You must give a presentation or have a difficult conversation with someone, and you are feeling stressed.  Or something just ignited your anxiety- a fearful thought or feeling.  You notice your body’s physical responses – your heart beats faster, your muscles tense, chest tightens, your breathing quickens and your stomach churns.  What can you do to help yourself calm down when you are freaking out?

Remember that when your mind perceives a threat, the sympathetic branch of your autonomic nervous system activates.  It prepares your body for action, since for thousands of years this is how human beings survived.  So, your thoughts may be, “Hey, this presentation is scary because what if I forget everything and embarrass myself?” and your body is like, “I got you- we are going to fight them or get outta here.” Those aren’t options so to calm your body and concentrate on your content, you need to get control back.  And how to do that?  Activate the parasympathetic nervous system, the branch of the autonomic nervous system that works to help relax the body, and allows your mind to focus.

Stephen Porges, PhD, author of the Polyvagal Theory, scientist and professor of autonomic physiology, suggests a trick to help stimulate the parasympathetic nervous system.  It has to do with the breath.  Our breathing changes when we are in an excited state.  We breathe more quickly and take longer on our inhale than our exhale so that more oxygen gets into our bodies to fuel the muscles needed to engage.  When our body shifts to a restful state, the breath slows and the exhale is longer.  So, by deliberately prolonging the exhale by a beat, we are sending a message to the body to engage the parasympathetic branch of the autonomic nervous system, sending the body into a more restful, recuperative state.

To calm yourself, focus on your breath and take longer on the exhale by a beat or two.

If you’d like, try practicing this now:

  1. Notice your breathing, your inhale and exhale, without judging it.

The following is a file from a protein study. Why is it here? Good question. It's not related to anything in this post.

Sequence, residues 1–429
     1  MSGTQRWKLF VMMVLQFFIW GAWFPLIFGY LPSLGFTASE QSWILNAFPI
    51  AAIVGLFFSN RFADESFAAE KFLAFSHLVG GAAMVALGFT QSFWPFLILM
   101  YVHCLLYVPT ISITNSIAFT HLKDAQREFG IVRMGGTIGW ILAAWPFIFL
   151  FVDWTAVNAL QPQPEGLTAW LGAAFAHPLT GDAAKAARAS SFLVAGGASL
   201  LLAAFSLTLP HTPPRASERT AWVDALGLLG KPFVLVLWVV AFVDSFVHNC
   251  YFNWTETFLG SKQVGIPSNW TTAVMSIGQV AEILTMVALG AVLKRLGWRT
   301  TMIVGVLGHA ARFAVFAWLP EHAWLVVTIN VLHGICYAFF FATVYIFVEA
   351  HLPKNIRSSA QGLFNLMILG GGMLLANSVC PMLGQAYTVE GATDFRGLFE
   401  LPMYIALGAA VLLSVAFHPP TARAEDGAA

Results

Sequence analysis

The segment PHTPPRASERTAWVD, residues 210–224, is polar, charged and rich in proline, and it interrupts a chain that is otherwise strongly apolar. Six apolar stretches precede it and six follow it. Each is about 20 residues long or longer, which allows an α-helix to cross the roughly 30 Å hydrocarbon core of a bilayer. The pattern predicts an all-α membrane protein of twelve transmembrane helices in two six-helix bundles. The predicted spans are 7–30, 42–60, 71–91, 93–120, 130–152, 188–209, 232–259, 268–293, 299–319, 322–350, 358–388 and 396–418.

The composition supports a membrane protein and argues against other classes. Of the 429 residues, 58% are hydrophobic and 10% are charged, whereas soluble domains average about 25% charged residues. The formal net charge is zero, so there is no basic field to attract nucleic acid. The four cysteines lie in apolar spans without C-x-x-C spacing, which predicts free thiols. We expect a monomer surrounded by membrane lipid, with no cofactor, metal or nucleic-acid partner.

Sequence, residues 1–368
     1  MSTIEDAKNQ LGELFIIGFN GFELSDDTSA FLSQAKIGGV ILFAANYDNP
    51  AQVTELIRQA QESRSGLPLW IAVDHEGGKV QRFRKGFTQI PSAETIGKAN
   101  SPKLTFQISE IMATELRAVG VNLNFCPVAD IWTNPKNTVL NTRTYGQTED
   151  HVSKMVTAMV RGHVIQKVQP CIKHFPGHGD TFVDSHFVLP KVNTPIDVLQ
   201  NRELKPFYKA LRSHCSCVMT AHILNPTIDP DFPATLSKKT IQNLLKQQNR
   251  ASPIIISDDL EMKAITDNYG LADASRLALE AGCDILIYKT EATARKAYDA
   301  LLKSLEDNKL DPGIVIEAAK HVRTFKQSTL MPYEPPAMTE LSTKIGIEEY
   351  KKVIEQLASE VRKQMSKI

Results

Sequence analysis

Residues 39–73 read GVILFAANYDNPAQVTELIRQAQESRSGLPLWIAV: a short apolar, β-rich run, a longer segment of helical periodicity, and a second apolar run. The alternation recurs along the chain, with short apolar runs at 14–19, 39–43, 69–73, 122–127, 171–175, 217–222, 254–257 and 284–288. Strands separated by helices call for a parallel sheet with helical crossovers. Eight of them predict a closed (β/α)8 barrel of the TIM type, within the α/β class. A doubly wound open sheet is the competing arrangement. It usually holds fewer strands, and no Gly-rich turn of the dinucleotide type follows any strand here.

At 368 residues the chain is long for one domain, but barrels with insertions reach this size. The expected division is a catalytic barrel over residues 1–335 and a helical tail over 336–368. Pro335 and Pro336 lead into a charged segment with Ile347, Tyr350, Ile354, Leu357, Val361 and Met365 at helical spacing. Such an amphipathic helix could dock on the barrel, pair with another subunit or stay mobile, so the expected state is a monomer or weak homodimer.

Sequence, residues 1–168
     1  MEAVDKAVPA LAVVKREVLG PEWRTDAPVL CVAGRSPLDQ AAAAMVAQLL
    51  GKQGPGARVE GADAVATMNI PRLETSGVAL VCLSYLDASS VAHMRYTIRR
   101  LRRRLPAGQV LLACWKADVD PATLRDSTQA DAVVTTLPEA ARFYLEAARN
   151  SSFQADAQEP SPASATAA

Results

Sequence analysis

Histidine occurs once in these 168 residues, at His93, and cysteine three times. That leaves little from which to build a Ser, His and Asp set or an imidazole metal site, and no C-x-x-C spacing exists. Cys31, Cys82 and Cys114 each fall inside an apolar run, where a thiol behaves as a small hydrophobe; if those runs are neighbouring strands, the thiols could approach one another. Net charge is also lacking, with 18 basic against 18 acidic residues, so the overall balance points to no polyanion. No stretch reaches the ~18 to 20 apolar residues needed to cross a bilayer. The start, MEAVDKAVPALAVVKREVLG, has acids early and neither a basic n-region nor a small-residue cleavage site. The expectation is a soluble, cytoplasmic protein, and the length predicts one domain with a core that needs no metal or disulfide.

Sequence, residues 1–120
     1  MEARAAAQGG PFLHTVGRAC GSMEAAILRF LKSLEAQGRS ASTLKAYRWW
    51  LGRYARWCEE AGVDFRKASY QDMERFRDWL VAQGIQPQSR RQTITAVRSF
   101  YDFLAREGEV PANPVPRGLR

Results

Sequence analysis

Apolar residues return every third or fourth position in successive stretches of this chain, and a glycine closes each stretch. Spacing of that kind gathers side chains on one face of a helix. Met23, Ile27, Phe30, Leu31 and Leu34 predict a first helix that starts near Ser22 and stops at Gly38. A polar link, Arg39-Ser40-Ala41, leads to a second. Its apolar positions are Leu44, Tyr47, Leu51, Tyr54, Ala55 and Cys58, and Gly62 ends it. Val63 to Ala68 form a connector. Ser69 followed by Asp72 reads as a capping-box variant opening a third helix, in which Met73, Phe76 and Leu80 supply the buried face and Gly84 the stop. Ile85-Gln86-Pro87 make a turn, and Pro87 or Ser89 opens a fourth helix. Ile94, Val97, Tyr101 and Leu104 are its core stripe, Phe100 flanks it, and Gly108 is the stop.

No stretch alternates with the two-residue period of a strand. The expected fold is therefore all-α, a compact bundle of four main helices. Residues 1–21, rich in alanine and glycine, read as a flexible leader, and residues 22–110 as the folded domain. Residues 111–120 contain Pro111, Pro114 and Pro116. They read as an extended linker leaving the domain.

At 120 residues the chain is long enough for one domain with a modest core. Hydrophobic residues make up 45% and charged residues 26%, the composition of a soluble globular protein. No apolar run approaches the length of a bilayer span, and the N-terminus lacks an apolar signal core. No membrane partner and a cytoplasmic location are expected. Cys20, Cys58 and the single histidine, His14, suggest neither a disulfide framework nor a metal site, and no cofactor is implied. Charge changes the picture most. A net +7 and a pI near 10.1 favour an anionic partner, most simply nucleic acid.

2. Next time you exhale, take a moment longer to complete this breath before you inhale again. Do this for a few breaths.
  3. Resume breathing as is comfortable to you.

You can do this exercise before you intend to speak or during your talk, or in response to a trigger.

If you are speaking, you could finish your sentence and then continue to exhale, or on your next breath, make your exhale take more time by adding a word or two onto your sentence.  For example, if you were planning to talk to someone about a difficult topic, you may originally plan to say, “So do you have a moment to talk about that fight we had?” and extend it to “So do you have a moment to talk about that fight we had last night?”  

Try practicing this exercise a few times to familiarize yourself with the experience.  You may be surprised at how this simple activity can help you calm down.

17821 E. 17th Street Unit #260
Tustin, CA 92780
(714) 941-2257

Got Questions?
Send a Message!

By submitting this form via this web portal, you acknowledge and accept the risks of communicating your health information via this unencrypted email and electronic messaging and wish to continue despite those risks. By clicking "Yes, I want to submit this form" you agree to hold Brighter Vision harmless for unauthorized use, disclosure, or access of your protected health information sent via this electronic means.
%d bloggers like this: